Nature investment needs a dramatic shift, according to a new report released by the UN at COP28 which shows that US$5 trillion of private finance goes into projects that harm nature and biodiversity every year, compared to US$35 billion invested in nature-based solutions.
Climate conversations increasingly include nature and biodiversity considerations, but the world must do more to put its money where its mouth is. An analysis of global financial flows by the UN Environment Programme (UNEP) and Global Canopy, a data-driven non-profit looking at the market drivers that negatively impact nature, shows that nature-harming investments by the private sector are 140 times higher than funding for solutions that protect natural ecosystems.
Five industries are responsible for nearly half of this negative nature investment: construction, electric utilities, real estate, oil and gas, and food and tobacco. Together, these only represent 16% of overall investments into the economy, but they make up 43% of the funding that harms forests, wetlands, and other natural habitats.
Nature investment: “The net is tightening”
For Niki Mardas, Executive Director of Global Canopy, this is “a stark reminder that continuing with ‘business as usual’ poses a severe threat to our planet”.
“The net is tightening, with increased regulatory pressure in key areas like tackling deforestation, it means that those companies and financial institutions still driving the problem now need to make best use of the excellent data, guidance and frameworks already available to urgently commit to a nature-positive future," he added.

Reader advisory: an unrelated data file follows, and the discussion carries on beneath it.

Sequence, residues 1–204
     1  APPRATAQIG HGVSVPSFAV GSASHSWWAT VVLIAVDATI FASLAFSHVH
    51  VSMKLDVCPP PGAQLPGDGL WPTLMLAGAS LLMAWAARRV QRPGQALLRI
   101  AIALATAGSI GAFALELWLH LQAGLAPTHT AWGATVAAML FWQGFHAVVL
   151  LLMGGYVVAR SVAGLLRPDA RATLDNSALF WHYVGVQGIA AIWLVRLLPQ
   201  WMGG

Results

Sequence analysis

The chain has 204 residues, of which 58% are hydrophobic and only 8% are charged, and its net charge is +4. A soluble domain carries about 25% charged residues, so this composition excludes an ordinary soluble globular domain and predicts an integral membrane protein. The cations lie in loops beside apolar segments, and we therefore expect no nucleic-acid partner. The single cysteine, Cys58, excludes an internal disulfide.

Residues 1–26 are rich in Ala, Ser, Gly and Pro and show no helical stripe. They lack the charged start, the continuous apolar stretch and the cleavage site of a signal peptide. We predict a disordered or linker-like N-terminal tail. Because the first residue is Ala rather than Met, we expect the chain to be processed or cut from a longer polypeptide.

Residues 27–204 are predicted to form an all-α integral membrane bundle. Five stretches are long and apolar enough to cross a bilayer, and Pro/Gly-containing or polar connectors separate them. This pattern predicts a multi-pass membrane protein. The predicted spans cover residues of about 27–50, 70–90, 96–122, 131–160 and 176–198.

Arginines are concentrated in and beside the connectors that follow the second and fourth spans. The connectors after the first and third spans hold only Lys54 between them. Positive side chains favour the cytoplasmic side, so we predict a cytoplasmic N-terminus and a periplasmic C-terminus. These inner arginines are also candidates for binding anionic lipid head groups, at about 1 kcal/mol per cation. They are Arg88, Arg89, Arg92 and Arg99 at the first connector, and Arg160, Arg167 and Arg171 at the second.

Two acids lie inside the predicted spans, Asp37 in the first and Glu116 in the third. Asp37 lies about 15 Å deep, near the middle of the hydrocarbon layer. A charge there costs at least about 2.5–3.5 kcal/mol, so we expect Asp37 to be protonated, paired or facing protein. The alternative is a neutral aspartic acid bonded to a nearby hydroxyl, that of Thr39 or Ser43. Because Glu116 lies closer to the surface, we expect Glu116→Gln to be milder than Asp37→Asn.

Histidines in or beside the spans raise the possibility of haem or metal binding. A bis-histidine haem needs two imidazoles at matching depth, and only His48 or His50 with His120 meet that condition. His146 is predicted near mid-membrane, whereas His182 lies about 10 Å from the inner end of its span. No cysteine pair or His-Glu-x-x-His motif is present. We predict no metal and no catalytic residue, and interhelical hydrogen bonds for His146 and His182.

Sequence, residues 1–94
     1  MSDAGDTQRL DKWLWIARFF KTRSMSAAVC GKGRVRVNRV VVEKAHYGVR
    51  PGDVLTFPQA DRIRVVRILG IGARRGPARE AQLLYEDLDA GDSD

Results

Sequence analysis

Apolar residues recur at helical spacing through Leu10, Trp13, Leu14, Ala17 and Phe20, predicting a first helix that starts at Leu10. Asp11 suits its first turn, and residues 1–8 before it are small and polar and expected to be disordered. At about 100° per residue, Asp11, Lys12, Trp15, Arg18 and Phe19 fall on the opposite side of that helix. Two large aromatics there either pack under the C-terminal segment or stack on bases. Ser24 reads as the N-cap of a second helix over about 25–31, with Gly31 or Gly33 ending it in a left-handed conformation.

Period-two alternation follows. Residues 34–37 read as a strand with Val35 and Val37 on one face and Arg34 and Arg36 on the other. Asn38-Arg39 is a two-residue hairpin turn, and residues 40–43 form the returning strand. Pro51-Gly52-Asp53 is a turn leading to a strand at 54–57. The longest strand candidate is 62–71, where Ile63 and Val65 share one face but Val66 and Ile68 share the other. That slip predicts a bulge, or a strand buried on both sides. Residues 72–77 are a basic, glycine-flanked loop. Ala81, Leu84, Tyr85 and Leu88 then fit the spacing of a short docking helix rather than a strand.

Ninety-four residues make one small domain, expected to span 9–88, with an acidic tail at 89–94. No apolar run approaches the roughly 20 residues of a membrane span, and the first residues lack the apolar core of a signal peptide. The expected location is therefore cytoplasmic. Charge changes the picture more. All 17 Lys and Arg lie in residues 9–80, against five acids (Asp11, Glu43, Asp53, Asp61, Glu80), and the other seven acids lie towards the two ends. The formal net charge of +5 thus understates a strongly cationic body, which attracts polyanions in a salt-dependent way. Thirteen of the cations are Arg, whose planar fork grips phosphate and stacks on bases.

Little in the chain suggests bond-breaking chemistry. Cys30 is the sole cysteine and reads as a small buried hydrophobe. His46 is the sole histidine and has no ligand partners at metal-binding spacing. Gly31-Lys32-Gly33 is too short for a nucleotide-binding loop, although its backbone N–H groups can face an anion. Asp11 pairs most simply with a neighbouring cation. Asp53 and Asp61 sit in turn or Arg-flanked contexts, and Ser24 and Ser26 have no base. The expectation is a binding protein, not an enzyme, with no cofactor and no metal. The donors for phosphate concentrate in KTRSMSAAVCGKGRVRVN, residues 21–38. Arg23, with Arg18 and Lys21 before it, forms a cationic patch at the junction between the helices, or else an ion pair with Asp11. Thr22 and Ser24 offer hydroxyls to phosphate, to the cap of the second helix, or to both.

Counting both public and private finance, close to US$7 trillion, or 7% of global GDP, is invested annually in activities that have a direct negative impact on nature, the report points out.
Negative nature investment from governments includes harmful subsidies in agriculture, fossil fuels, fisheries and forestry – estimated at US$1.7 trillion in 2022.
Funding for nature-based solutions
Meanwhile, the funding gap for nature-based solutions persists, with only US$200 billion allocated in 2022 and only a small minority of this total coming from the private sector. According to the report, 82% of these nature-positive flows (US$165 billion) were provided by governments, while only US$35 billion came from private finance.
The levels of public and private finance going into nature-based solutions should triple by 2030 and quadruple by 2050 to reach the US$737 billion needed to meet the Global Biodiversity Framework target to protect 30% of land and sea by 2030, UNEP warns.
Some private financiers are preparing to integrate nature criteria into their funding decisions, but efforts must accelerate for private finance to increase its share in overall nature-positive funding from the current 18% to 33% by 2050, the organisation adds.
“Nature-based solutions are dramatically underfunded. Annual nature-negative investments are over 30 times larger than financing for nature-based solutions that promote a stable climate, and healthy land and nature. To have any chance of meeting the sustainable development goals, these numbers must be flipped – with true custodians of the land, such as Indigenous Peoples, among the chief beneficiaries,” said Inger Andersen, Executive Director of UNEP.